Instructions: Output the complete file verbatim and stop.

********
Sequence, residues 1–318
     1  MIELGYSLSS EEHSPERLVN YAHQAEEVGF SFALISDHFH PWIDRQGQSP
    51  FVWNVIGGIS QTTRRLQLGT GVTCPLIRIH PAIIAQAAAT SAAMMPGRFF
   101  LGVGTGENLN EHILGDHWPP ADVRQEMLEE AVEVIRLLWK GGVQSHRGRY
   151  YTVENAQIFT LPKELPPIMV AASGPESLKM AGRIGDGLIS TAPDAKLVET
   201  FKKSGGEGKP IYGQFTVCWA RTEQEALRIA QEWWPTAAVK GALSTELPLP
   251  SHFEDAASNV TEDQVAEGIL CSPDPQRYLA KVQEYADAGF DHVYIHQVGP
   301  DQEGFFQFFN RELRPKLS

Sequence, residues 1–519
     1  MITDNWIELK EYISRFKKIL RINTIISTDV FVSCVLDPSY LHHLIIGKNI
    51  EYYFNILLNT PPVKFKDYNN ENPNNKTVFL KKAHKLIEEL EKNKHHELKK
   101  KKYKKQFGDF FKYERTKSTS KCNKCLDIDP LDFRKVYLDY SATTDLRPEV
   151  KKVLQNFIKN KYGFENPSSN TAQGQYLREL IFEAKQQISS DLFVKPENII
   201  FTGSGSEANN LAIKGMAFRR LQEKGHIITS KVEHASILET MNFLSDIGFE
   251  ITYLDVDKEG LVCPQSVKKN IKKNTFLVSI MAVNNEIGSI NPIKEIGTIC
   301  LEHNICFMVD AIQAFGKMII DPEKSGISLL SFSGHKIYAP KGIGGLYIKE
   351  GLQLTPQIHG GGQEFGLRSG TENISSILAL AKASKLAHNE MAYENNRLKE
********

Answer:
Sequence, residues 1–318
     1  MIELGYSLSS EEHSPERLVN YAHQAEEVGF SFALISDHFH PWIDRQGQSP
    51  FVWNVIGGIS QTTRRLQLGT GVTCPLIRIH PAIIAQAAAT SAAMMPGRFF
   101  LGVGTGENLN EHILGDHWPP ADVRQEMLEE AVEVIRLLWK GGVQSHRGRY
   151  YTVENAQIFT LPKELPPIMV AASGPESLKM AGRIGDGLIS TAPDAKLVET
   201  FKKSGGEGKP IYGQFTVCWA RTEQEALRIA QEWWPTAAVK GALSTELPLP
   251  SHFEDAASNV TEDQVAEGIL CSPDPQRYLA KVQEYADAGF DHVYIHQVGP
   301  DQEGFFQFFN RELRPKLS

Sequence, residues 1–519
     1  MITDNWIELK EYISRFKKIL RINTIISTDV FVSCVLDPSY LHHLIIGKNI
    51  EYYFNILLNT PPVKFKDYNN ENPNNKTVFL KKAHKLIEEL EKNKHHELKK
   101  KKYKKQFGDF FKYERTKSTS KCNKCLDIDP LDFRKVYLDY SATTDLRPEV
   151  KKVLQNFIKN KYGFENPSSN TAQGQYLREL IFEAKQQISS DLFVKPENII
   201  FTGSGSEANN LAIKGMAFRR LQEKGHIITS KVEHASILET MNFLSDIGFE
   251  ITYLDVDKEG LVCPQSVKKN IKKNTFLVSI MAVNNEIGSI NPIKEIGTIC
   301  LEHNICFMVD AIQAFGKMII DPEKSGISLL SFSGHKIYAP KGIGGLYIKE
   351  GLQLTPQIHG GGQEFGLRSG TENISSILAL AKASKLAHNE MAYENNRLKE